Shape and height reveals width
If a source tells you shape (also called "habit") of a plant species or variety and its height, then you can figure the width. Round plants are as tall as wide, and that ratio holds for three foot mini shrubs like dwarf boxwood as well as for 8- or 10-foot viburnums.
In catalogs and plant encyclopedias you'll also see descriptions such as "upright spreading" which means there is a trunk or narrow base beneath the spreading top.
"Upright vase" is another commonly used term for a plant's habit. It's an inverted pyramid, and as for pyramidal plants, figure the width at the top of an upright vase as about 1/2 its height.
Do not assume related plants are the same in shape (or in size).
There are pyramidal spruces, globe spruces, weeping spruces and dwarf spruces. So it goes almost across the board among related plants.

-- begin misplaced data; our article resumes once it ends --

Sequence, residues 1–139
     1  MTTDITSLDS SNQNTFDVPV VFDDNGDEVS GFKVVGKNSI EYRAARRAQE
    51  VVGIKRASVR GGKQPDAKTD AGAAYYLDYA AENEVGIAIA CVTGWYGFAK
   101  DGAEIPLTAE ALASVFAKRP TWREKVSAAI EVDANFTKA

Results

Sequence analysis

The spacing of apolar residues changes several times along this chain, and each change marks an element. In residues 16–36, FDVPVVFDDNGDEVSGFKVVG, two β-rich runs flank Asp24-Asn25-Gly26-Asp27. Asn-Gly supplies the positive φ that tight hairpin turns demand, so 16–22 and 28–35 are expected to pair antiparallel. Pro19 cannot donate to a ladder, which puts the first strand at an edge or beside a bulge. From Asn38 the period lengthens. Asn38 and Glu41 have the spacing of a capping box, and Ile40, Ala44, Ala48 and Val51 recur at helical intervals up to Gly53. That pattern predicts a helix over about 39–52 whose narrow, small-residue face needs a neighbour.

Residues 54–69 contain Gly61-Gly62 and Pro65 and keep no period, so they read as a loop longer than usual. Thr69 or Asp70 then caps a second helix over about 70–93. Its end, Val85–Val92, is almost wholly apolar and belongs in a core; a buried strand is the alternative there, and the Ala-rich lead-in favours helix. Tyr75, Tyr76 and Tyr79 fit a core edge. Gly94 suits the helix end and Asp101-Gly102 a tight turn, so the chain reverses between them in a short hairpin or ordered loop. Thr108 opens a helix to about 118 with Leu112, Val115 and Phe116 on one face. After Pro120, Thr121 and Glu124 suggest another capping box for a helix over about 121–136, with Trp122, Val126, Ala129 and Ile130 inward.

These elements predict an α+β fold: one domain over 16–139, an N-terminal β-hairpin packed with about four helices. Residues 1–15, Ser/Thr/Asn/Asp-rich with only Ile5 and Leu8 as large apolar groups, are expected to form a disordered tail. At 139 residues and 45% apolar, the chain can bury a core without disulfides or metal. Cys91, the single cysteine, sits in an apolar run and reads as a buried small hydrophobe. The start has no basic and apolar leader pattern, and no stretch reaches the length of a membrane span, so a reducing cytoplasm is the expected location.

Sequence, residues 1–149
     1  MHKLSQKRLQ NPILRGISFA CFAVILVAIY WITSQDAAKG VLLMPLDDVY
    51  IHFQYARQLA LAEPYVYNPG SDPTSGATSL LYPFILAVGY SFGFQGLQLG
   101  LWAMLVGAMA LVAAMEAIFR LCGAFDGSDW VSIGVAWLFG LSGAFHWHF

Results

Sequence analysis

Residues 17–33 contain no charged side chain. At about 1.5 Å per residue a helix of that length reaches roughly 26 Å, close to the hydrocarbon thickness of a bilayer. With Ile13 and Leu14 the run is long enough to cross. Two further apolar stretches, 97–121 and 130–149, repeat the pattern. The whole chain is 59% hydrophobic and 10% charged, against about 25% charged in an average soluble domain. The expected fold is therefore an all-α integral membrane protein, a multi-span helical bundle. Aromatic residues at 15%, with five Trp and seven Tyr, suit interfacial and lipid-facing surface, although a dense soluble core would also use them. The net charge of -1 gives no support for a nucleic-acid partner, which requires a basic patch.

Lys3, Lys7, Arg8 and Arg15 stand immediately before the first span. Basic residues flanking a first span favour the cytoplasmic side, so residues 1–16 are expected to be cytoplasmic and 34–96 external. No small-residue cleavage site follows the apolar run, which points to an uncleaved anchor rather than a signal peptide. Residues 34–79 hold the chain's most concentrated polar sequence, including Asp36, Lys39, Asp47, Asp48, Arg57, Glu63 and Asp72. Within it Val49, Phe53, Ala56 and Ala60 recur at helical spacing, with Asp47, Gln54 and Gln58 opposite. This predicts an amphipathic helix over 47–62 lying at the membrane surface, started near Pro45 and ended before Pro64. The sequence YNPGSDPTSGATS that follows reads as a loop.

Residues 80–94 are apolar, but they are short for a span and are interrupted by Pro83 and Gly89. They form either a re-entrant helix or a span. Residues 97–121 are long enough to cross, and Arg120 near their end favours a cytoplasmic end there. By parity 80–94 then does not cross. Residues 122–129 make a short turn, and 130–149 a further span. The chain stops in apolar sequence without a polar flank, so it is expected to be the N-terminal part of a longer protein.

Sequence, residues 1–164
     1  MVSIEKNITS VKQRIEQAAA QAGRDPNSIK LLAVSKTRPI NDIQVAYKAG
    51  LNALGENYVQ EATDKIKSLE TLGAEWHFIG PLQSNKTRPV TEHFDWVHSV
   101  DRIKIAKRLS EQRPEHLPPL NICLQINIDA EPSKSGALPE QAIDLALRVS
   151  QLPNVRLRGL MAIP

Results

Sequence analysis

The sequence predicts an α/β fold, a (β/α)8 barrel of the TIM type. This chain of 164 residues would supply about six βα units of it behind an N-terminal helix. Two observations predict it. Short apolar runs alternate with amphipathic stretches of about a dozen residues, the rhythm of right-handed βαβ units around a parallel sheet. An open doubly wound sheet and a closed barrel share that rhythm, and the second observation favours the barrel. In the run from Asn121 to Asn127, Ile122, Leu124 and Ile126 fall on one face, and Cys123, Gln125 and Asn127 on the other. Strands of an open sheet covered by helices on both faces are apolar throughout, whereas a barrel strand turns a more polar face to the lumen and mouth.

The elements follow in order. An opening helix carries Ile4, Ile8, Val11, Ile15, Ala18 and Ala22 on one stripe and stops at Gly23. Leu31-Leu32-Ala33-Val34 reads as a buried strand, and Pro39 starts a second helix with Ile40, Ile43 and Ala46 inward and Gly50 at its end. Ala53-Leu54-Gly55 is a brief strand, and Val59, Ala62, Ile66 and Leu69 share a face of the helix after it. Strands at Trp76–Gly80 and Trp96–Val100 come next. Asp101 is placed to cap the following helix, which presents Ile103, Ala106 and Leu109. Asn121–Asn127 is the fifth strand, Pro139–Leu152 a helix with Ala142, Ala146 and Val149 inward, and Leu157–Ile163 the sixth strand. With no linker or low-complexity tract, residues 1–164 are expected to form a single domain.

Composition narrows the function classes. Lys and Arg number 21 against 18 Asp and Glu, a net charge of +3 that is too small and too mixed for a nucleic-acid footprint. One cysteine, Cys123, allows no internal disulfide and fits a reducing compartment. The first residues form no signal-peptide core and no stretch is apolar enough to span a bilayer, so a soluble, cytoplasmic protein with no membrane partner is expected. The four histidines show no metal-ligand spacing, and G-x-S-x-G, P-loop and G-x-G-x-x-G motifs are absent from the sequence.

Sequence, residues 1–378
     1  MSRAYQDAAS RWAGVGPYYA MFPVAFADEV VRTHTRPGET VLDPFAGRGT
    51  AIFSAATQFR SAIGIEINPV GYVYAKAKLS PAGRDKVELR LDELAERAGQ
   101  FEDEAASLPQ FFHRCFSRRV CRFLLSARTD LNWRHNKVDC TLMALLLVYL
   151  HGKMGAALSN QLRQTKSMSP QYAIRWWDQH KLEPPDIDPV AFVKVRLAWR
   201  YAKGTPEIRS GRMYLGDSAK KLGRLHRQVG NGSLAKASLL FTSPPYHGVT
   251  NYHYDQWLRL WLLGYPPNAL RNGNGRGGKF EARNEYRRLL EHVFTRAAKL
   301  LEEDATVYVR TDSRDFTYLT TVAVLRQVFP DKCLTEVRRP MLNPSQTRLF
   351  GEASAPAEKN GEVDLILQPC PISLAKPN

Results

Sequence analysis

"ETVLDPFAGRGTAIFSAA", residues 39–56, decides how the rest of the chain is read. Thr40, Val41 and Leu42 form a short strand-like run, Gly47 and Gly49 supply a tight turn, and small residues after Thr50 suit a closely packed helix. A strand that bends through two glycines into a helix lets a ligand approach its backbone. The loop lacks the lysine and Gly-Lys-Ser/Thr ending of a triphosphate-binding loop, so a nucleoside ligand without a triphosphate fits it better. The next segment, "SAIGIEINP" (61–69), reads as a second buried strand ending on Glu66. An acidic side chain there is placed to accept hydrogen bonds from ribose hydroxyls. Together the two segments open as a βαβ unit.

As an example, you already saw a round viburnum, V. sargentii. Here is an upright character from the same clan, the Japanese arrowwood (V. erosum) -- taller than wide.
Know what shape you're selecting for and design options increase. On a wet site, for instance, the moisture loving standard Fothergilla can be a size- and shape matched stand-in for this similarly shaped but moisture sensitive Sargent viburnum (V. sargentii).
The easiest pruning you can do is to simply enhance a plant's natural shape. If it wants to be round, let it be round. Let pyramidal plants have points, and so forth. Even if you are keeping a plant smaller than it would be on its own, it will require less cutting, less often if you accept it for its genetically driven habit.